(November 23, 2004) On Sunday, November 21, CBS News’ top-rated news magazine 60 Minutes aired a segment on hoodia, the increasingly popular succulent plant from Namibia in southwestern Africa that is being touted for its ability to suppress appetite. Hoodia was formerly in the news a few years ago when reports were aired, prematurely, that the pharmaceutical giant Pfizer was then planning on introducing a new diet drug made from the plant. 60 Minutes interviewed a representative from PhytoPharm, a UK-based research company that holds a patent on the use of a special hoodia extract for weightloss. Pfizer has since abandoned its plans to market such a drug. However, the publicity on hoodia fueled its market interest and many importers have introduced products that claim to contain “hoodia”. The 60 Minutes segment covered issues of biopiracy and royalty payments to the indigenous Kalahari Bushmen who have used hoodia, known locally as xhoba, for centuries or millennia. Hoodia is derived from Hoodia gordonii (Masson) Sweet ex Decne. of the dogbane family (Apocynaceae), a succulent plant that grows primarily in Namibia as well as in northwestern parts of South Africa. Information on the 60 Minutes broadcast is available at http://www.cbsnews.com/stories/2004/11/18/60minutes/main656458.shtml.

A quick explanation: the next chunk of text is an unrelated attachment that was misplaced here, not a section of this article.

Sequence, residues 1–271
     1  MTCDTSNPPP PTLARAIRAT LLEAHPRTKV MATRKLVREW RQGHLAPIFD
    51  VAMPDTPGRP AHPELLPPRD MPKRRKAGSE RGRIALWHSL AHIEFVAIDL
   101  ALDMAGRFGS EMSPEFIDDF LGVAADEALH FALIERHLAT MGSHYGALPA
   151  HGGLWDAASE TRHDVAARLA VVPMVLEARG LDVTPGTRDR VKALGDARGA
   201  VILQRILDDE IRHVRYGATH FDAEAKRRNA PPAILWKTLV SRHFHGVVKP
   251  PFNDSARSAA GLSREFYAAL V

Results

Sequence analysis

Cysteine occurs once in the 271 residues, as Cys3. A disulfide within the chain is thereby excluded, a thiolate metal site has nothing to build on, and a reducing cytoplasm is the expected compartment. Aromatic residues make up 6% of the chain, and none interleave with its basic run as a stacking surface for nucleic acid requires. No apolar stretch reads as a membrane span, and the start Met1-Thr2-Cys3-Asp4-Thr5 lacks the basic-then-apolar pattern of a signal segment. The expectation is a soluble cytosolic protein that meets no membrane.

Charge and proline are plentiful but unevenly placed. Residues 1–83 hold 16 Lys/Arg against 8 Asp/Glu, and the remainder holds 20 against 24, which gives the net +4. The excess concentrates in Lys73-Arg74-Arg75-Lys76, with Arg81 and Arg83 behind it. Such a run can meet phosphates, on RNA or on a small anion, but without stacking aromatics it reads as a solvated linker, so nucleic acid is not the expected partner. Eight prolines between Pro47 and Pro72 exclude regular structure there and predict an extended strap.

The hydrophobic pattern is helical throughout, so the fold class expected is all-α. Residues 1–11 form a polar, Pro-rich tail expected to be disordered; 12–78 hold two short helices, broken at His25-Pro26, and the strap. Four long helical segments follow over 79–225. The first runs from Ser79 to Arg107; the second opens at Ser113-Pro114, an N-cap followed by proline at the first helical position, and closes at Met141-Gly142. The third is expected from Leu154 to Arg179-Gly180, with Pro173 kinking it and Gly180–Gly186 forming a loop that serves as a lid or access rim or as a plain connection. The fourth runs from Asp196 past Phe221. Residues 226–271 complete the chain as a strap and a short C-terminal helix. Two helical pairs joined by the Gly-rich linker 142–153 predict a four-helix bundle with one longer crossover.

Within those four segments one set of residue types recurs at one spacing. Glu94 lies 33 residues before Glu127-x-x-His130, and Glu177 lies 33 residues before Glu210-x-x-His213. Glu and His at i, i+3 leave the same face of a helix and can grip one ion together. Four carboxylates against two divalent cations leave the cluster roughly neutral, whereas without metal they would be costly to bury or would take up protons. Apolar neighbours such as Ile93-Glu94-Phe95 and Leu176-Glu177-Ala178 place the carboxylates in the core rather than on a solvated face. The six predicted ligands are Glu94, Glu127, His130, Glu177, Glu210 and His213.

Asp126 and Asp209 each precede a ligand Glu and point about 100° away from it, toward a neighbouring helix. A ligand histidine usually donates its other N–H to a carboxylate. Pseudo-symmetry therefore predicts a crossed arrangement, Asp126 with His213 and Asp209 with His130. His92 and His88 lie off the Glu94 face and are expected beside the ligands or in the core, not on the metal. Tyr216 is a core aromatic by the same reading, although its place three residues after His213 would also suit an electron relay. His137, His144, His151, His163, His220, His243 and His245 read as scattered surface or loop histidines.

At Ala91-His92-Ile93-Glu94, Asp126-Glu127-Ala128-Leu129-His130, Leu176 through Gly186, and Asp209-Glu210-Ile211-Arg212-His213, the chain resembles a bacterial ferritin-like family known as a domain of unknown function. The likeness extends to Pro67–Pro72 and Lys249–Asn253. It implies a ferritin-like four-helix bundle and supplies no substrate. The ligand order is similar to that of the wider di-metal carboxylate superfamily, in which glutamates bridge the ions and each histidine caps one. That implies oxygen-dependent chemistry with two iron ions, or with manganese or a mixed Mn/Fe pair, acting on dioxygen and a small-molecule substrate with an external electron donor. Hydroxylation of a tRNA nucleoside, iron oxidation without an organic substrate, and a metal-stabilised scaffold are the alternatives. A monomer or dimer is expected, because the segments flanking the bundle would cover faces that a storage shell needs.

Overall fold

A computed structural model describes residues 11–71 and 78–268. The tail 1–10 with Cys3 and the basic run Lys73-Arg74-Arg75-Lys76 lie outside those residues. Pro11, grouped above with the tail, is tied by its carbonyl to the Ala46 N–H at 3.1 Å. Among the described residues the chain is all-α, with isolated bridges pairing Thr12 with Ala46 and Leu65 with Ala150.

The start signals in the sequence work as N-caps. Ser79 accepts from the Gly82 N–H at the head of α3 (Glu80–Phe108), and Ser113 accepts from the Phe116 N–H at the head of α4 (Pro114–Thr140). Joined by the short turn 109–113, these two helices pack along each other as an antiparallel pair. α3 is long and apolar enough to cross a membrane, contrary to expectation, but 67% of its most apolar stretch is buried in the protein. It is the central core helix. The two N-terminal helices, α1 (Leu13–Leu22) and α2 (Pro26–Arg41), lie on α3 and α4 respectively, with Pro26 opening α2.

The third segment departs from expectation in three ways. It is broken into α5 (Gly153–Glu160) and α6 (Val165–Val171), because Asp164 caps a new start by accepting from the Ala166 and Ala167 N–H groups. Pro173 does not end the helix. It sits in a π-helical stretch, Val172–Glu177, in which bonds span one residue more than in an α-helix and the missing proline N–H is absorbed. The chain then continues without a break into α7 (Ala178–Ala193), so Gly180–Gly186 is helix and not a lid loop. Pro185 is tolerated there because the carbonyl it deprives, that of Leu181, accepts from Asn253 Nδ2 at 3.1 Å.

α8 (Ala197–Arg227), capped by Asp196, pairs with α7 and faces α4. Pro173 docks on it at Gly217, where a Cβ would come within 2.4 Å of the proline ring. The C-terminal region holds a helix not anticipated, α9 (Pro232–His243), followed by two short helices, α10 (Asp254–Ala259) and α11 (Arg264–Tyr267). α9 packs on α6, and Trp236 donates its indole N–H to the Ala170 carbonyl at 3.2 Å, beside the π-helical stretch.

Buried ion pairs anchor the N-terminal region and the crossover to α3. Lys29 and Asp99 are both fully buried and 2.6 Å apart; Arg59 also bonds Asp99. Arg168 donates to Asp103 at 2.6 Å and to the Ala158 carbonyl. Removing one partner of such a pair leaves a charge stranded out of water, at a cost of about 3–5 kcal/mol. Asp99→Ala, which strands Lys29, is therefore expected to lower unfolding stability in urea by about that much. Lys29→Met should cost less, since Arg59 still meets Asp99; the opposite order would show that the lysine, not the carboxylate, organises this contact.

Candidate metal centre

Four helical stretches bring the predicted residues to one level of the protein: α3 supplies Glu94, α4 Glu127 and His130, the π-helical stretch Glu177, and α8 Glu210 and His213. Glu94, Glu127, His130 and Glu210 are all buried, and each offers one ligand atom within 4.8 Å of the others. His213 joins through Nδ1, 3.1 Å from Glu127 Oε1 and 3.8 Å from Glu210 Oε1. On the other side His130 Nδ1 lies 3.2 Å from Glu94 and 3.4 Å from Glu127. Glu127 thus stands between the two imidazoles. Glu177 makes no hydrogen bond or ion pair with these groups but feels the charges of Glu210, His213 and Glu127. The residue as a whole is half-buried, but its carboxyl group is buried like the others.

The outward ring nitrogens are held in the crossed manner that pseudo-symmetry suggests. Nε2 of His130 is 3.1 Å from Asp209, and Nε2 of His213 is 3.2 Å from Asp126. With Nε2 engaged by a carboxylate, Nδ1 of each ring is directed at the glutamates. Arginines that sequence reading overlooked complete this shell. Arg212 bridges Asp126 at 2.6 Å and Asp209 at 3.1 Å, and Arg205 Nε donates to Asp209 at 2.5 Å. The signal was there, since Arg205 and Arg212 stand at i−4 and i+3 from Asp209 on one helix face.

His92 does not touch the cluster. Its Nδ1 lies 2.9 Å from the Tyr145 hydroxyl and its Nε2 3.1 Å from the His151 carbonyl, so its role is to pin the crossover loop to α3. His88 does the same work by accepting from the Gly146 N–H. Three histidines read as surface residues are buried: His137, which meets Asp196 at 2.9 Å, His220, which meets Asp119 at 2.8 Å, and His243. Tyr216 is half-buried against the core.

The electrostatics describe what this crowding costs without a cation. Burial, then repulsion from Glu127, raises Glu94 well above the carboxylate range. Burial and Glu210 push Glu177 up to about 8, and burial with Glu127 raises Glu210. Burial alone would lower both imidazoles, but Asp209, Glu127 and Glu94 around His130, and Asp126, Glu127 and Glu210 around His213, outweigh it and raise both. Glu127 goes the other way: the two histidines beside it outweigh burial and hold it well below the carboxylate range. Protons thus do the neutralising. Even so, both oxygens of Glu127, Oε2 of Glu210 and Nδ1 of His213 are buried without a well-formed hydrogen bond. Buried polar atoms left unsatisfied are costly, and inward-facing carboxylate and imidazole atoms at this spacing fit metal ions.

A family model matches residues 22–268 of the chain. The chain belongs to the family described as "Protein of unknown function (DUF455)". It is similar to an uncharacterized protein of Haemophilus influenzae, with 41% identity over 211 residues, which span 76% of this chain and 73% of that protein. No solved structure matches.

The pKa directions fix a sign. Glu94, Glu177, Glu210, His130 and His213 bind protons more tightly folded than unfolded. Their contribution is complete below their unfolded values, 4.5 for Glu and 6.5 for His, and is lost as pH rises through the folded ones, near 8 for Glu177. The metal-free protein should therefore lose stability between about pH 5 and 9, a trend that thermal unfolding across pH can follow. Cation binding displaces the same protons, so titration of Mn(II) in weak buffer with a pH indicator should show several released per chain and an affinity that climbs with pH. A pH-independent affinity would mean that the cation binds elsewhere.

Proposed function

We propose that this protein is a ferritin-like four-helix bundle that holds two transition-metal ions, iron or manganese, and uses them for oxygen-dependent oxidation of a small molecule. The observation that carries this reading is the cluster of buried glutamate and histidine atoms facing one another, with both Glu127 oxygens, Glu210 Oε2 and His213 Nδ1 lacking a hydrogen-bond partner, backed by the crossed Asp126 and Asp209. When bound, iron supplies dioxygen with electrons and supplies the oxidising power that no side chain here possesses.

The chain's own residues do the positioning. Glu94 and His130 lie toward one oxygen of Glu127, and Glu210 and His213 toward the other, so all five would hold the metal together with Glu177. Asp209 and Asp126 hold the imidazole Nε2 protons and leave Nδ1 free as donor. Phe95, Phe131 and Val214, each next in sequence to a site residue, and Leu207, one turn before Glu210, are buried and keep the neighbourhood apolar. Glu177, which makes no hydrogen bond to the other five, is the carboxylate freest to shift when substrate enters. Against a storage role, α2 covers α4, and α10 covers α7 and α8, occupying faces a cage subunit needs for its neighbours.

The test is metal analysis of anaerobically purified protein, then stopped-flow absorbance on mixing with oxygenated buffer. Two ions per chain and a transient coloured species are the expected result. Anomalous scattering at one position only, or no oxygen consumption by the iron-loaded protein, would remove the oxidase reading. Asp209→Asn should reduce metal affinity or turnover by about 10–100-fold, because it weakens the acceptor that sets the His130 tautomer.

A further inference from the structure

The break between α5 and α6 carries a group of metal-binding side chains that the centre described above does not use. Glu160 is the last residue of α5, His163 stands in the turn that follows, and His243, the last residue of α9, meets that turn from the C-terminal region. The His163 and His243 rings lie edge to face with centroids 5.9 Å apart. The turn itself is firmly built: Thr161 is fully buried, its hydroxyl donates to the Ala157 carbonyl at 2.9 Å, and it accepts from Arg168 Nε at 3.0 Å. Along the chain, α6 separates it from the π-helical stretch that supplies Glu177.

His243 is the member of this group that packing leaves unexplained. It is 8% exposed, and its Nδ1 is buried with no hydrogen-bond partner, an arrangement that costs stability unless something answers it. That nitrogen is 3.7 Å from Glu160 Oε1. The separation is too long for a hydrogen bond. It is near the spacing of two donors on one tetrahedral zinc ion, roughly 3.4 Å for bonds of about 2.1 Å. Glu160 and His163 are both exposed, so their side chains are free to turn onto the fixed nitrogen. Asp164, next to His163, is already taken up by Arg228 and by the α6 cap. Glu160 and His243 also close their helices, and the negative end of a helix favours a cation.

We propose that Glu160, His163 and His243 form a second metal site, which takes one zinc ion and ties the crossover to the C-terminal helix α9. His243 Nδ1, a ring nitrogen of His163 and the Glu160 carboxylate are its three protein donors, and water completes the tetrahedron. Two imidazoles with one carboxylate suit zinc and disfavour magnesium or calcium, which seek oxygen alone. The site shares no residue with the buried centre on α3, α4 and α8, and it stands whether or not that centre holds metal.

Hoodia Featured on 60 Minutes